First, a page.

Making Sense of a Senseless Act:
The Newtown Tragedy and the Uncomfortable
Questions to Come
As I write this article, it’s a week before Christmas, and I am still trying to process the tragedy at Newtown, Conn. As children were involved, my heart is broken. Whether it would be a failed gun control policy, underfunded or misunderstood mental health policies or just that we’ve become a desensitized and increasingly violent society, I have no answers. What I am certain of is that whatever comes of this, the matter will hit close to home for people living in community associations. And if by raising questions the dialogue continues and leads to a safer environment for all of us, especially children, then maybe getting over this will be easier.
For now though, as a condominium law practitioner, I can anticipate the questions that will inevitably arrive: (more…)Read More
By Kevin Parker
January 17, 2013
Goodman, Shapiro & Lombardi, LLC has relocated its Rhode Island office to 14 Breakneck Hill Road, Suite 203, Lincoln, RI, 02865. The firm was formerly located at 395 Smith St. in Providence, RI. (more…)Read More
Unpaid Common Fees and Bankruptcy:
Navigating the Conundrum of Financial Distress
In 1993, the Massachusetts legislature by act signed by the governor with an emergency preamble granted condominiums a limited priority lien ahead of the first mortgage, in part, to force lenders to take action when they had previously failed to act. This failure to act when lenders had the priority over associations was the cause of financial distress to associations that were not collecting sufficient common fees from delinquents. However, this great tool that levels the playing field is always under attack (1) from lenders who oppose more than one priority lien period in any 30-year mortgage and (2) unit owners who are in financial distress. (more…)Read More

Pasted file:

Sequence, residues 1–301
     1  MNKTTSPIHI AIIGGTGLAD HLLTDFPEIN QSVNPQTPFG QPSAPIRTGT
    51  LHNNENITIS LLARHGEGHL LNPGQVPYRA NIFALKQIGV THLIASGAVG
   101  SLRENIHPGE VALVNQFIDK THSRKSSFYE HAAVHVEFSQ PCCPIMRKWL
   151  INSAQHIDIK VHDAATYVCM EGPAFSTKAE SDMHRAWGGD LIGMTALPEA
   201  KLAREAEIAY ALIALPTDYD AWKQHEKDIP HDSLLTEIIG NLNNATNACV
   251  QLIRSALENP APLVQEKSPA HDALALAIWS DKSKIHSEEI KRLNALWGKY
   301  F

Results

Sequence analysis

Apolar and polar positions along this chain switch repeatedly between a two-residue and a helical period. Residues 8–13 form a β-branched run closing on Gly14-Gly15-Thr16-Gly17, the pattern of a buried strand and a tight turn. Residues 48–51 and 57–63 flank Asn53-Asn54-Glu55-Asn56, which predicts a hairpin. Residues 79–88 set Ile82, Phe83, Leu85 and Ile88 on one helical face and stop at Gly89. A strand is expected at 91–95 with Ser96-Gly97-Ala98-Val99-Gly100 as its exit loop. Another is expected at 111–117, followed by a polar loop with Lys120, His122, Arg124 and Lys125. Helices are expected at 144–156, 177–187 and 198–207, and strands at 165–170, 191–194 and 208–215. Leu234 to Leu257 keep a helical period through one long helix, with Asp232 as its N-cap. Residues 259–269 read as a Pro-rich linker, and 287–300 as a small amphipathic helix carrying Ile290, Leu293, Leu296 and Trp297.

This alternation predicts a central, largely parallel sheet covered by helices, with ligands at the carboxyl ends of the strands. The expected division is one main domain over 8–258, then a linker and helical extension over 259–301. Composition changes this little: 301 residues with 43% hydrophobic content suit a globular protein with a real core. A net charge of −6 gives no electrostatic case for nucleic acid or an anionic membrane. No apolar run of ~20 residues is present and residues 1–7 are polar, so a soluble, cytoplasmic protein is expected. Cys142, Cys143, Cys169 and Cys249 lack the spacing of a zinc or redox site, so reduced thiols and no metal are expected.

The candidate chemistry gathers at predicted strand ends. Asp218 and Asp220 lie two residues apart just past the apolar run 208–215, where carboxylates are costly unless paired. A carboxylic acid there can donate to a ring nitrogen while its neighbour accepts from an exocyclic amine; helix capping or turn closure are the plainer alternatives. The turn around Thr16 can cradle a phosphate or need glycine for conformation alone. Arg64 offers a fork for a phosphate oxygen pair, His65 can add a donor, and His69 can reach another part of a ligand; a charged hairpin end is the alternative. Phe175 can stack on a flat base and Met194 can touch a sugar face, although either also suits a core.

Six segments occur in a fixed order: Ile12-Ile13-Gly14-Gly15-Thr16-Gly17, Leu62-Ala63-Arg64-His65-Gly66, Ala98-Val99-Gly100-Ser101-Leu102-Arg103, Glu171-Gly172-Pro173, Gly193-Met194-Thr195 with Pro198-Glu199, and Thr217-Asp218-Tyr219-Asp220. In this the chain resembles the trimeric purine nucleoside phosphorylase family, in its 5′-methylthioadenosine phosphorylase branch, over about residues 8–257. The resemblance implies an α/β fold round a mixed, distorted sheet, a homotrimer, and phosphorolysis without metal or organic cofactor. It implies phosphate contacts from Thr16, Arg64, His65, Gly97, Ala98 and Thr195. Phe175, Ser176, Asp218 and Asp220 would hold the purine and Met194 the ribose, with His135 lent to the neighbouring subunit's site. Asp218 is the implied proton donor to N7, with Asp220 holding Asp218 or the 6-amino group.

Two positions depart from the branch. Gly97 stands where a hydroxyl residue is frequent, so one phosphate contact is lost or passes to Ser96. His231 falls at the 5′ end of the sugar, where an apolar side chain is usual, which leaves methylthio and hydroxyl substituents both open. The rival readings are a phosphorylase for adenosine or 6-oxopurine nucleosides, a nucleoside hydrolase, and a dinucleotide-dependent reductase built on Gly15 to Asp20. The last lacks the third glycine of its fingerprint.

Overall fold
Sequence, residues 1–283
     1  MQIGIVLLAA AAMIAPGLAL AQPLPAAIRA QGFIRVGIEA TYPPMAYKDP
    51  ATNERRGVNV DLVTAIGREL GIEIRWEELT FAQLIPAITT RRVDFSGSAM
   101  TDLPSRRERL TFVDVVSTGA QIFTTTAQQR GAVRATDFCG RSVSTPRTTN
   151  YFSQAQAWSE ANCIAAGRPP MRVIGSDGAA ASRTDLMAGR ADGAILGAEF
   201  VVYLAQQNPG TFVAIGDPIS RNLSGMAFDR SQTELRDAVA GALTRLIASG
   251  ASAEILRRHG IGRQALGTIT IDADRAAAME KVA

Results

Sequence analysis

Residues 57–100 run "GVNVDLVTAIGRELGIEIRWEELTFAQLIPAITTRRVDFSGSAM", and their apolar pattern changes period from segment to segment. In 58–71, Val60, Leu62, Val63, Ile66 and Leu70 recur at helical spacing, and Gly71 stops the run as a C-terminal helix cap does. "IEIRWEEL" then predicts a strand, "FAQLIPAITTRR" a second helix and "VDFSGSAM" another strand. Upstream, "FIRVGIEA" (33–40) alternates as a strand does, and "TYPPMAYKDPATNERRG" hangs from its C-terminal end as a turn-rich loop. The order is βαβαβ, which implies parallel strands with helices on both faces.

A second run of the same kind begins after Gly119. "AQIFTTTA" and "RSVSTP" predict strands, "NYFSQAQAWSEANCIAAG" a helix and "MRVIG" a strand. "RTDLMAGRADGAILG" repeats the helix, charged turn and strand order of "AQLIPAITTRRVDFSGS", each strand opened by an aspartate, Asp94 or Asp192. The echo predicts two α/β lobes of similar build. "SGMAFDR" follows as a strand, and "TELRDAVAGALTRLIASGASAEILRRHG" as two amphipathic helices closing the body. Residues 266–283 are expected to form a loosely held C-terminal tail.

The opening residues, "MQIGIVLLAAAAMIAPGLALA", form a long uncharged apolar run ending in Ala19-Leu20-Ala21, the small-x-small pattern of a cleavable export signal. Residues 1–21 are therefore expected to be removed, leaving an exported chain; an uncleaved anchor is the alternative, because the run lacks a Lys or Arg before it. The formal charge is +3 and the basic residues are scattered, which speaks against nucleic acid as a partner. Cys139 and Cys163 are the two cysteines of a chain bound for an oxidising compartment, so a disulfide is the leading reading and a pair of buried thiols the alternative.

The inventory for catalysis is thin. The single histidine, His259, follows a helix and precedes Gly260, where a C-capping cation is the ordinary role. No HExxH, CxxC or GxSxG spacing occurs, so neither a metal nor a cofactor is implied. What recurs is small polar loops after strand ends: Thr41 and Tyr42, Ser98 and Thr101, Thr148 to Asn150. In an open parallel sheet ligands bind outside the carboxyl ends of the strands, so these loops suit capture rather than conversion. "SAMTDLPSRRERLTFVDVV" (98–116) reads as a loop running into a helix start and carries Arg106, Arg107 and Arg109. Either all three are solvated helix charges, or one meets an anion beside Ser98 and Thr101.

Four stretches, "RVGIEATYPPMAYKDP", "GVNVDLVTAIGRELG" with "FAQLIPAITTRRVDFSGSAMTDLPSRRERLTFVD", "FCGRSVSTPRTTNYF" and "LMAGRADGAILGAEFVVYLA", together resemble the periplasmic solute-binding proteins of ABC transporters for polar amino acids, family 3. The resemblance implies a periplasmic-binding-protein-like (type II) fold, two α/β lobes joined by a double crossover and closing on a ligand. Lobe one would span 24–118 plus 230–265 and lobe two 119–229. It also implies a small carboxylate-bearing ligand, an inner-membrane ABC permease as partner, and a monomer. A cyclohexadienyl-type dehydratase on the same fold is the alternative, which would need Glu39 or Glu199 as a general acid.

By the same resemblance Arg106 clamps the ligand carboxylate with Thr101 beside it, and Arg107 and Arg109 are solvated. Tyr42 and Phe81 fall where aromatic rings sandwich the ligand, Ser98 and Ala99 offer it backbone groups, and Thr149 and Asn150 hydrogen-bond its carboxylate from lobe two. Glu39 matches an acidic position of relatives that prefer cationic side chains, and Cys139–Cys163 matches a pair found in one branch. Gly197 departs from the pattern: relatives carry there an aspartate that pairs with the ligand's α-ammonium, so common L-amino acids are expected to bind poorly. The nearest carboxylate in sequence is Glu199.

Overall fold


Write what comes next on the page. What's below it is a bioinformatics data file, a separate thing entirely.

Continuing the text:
‘Don’t’ Fall into the Gap:
Insurance Coverage Missteps
According to my research, in 1981 the GAP had an advertising slogan and jingle for customers to “fall into the GAP.” For condominiums, both the organization of unit owners and the unit owners themselves, that is precisely the opposite of what you want to happen with respect to insurance, that is, you don’t want to fall into the gap. (more…)Read More
I live in a condominium. I have lived in condominiums for more than 30 years. This year, for the first time, I along with all my fellow unit owners received an advisory from our board that we were expected to keep the mulch around our
units moist. The reason given was that an area of mulch around a rock in the common area burst into flames. I thought that must be because the board “cheaped out” and purchased inferior mulch. To me, mulch bursting into flames was unheard of. Further, it is not the unit owners’ job to water the mulch. (more…)
Monday, November 5, 2012
Disabled Seniors Deserve Condo-Living Rights
Retrofitting Swimming Pools Should Be Part Of On-Going Planning
Seniors today are living longer than ever before, and technological advances are improving their quality of life, even if they have disabilities. Seniors are now also more educated and active than ever before. They typically know how the system works, and they advocate for laws to protect their way of life and address their disabilities, wherever they live.